Arton believes national security concerns may have been the motivation behind Ireland’s recent program closure, which happened right around the time of the Chinese spy balloon scare. Last year, 282 of Ireland’s 306 golden visa applications came from Chinese citizens, The Irish Timesreported.

Arton said due-diligence for vetting applicants could use improvement, and is in favor of increasing industry regulation and data-sharing between nations. However, he argues that the odds are much greater that so-called “unsavory actors” enter a country via undocumented routes.

“If I’m a terrorist, if I’m really somebody that wants to threaten the security of the European Union, the last thing I’m going to do is apply through one of these programs,” he said.

Surak said that, by the numbers, golden visas and passports are neither national security nor money laundering issues, and said in her experience, investor migration tends to invoke moral outrage among people who already have strong passports and have never had to think strategically about immigration.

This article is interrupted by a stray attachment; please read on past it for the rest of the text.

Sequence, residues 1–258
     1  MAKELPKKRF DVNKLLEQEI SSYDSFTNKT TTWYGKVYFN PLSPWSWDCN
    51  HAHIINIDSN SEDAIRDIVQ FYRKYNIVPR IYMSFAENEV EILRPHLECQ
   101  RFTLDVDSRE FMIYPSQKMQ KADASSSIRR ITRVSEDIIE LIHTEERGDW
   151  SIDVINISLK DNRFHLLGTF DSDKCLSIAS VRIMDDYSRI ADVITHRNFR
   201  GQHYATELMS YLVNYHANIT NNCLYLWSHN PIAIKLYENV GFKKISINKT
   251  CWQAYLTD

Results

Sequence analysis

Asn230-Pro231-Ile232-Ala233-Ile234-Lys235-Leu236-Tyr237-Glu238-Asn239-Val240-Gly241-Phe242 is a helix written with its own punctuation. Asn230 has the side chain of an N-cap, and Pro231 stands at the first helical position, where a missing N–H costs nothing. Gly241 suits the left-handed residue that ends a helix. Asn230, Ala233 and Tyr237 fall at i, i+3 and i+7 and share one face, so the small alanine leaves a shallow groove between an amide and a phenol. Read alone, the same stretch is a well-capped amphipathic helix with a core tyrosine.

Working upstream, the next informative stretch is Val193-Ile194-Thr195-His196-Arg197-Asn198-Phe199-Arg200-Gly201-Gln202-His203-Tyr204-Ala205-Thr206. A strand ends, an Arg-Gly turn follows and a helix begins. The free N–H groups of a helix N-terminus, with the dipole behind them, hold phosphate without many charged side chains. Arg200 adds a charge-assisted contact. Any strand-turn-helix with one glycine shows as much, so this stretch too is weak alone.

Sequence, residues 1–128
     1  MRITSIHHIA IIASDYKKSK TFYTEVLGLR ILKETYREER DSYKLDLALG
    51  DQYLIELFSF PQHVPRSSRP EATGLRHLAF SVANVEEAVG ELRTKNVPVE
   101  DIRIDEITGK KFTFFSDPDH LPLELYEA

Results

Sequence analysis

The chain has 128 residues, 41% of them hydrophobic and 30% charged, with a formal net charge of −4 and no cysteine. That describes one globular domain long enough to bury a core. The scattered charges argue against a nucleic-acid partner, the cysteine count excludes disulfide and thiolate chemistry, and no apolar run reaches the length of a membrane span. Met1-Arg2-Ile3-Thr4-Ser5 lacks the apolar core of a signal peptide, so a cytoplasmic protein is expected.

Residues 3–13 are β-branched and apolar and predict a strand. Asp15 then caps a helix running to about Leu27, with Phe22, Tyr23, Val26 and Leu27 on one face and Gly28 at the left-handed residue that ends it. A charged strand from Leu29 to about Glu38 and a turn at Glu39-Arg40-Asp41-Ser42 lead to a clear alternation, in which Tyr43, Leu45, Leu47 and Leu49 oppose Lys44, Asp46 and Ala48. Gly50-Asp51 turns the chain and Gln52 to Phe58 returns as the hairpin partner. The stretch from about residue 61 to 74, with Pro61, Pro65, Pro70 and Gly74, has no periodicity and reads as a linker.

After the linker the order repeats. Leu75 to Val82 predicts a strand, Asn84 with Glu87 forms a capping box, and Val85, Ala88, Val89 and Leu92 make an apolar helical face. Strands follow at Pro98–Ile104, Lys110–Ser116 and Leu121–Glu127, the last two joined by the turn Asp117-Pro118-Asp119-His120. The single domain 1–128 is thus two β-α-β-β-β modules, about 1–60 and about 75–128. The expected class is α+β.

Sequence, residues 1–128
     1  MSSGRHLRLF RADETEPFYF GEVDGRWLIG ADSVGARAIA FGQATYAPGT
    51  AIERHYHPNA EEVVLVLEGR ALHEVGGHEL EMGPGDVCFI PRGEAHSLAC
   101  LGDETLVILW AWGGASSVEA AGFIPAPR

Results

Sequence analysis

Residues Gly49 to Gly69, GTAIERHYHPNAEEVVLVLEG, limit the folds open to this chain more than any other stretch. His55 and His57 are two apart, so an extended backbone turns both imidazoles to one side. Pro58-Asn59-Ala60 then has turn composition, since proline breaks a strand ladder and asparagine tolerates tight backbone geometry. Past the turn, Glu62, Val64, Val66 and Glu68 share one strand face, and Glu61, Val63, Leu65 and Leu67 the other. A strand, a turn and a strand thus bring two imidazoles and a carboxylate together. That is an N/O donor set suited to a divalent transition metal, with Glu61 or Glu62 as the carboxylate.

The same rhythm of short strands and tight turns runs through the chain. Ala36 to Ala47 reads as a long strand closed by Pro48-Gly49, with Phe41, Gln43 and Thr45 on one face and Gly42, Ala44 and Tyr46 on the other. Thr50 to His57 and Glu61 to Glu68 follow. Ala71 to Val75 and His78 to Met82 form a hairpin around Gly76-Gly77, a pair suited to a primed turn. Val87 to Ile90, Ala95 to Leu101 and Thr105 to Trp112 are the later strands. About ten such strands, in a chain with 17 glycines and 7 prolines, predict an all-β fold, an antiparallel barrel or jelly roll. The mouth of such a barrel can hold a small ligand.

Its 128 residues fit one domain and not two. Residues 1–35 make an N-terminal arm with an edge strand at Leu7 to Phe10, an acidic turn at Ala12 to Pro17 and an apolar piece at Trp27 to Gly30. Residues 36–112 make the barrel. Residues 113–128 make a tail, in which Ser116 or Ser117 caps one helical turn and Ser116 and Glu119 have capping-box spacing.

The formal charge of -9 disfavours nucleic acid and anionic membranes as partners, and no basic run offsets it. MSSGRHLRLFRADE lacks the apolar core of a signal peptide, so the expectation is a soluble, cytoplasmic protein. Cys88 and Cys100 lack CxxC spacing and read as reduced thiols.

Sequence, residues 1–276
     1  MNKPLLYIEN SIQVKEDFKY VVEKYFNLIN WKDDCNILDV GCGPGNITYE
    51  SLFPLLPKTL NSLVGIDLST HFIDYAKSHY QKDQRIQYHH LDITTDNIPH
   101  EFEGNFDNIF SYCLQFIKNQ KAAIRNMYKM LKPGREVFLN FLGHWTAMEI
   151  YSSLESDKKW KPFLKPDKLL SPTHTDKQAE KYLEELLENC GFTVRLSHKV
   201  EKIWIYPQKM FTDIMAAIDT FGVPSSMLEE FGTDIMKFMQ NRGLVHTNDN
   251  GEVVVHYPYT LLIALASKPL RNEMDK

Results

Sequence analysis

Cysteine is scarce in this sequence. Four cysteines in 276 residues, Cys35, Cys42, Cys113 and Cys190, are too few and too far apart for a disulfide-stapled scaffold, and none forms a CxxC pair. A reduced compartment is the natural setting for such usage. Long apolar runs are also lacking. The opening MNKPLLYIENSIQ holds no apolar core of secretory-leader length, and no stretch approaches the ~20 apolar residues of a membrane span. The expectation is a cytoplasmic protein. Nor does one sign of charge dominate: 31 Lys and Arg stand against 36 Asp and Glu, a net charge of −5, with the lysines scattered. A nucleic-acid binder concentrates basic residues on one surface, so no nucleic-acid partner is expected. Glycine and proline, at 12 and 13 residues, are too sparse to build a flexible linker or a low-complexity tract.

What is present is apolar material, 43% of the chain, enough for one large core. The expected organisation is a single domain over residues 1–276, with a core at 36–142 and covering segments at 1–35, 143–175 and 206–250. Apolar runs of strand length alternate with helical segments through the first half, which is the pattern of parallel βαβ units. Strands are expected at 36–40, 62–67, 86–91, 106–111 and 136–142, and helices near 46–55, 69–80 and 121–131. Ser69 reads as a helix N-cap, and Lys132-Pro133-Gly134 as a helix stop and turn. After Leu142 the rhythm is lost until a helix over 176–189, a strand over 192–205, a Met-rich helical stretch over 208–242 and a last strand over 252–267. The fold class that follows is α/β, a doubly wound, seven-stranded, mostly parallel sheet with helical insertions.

“Migration is always somehow fundamentally economic,” she said. “I think it’s complicated, which is not to say there aren’t problems with the programs. But I think there’s also a lot of hypocrisy and that the inequalities and power dynamics aren’t exactly what one expects.”

Source: Why ‘golden’ passports and visas shouldn’t be abolished, but made better

About Andrew
Andrew blogs and tweets public policy issues, particularly the relationship between the political and bureaucratic levels, citizenship and multiculturalism. His latest book, Policy Arrogance or Innocent Bias, recounts his experience as a senior public servant in this area.